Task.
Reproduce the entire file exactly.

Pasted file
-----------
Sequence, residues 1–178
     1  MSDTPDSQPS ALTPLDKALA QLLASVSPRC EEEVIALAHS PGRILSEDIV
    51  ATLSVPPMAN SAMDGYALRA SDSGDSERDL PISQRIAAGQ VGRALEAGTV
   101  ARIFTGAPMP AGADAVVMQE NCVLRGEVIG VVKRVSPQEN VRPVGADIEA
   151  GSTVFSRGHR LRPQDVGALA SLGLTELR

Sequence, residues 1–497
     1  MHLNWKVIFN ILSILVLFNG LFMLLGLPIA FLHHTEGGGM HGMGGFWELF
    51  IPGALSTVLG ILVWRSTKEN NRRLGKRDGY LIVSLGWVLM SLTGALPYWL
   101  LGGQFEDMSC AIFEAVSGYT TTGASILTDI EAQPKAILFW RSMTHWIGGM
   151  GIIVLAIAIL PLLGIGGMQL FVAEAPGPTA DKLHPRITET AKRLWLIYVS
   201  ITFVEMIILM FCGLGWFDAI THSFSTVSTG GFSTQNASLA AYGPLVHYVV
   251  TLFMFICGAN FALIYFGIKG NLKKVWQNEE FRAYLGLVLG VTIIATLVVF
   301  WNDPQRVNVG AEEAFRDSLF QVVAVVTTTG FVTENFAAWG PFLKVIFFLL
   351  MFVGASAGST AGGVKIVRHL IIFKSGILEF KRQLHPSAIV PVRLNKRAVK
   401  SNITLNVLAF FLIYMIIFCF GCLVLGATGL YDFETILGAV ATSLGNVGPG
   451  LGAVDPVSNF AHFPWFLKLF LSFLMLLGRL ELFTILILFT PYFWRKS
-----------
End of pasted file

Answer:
Sequence, residues 1–178
     1  MSDTPDSQPS ALTPLDKALA QLLASVSPRC EEEVIALAHS PGRILSEDIV
    51  ATLSVPPMAN SAMDGYALRA SDSGDSERDL PISQRIAAGQ VGRALEAGTV
   101  ARIFTGAPMP AGADAVVMQE NCVLRGEVIG VVKRVSPQEN VRPVGADIEA
   151  GSTVFSRGHR LRPQDVGALA SLGLTELR

Sequence, residues 1–497
     1  MHLNWKVIFN ILSILVLFNG LFMLLGLPIA FLHHTEGGGM HGMGGFWELF
    51  IPGALSTVLG ILVWRSTKEN NRRLGKRDGY LIVSLGWVLM SLTGALPYWL
   101  LGGQFEDMSC AIFEAVSGYT TTGASILTDI EAQPKAILFW RSMTHWIGGM
   151  GIIVLAIAIL PLLGIGGMQL FVAEAPGPTA DKLHPRITET AKRLWLIYVS
   201  ITFVEMIILM FCGLGWFDAI THSFSTVSTG GFSTQNASLA AYGPLVHYVV
   251  TLFMFICGAN FALIYFGIKG NLKKVWQNEE FRAYLGLVLG VTIIATLVVF
   301  WNDPQRVNVG AEEAFRDSLF QVVAVVTTTG FVTENFAAWG PFLKVIFFLL
   351  MFVGASAGST AGGVKIVRHL IIFKSGILEF KRQLHPSAIV PVRLNKRAVK
   401  SNITLNVLAF FLIYMIIFCF GCLVLGATGL YDFETILGAV ATSLGNVGPG
   451  LGAVDPVSNF AHFPWFLKLF LSFLMLLGRL ELFTILILFT PYFWRKS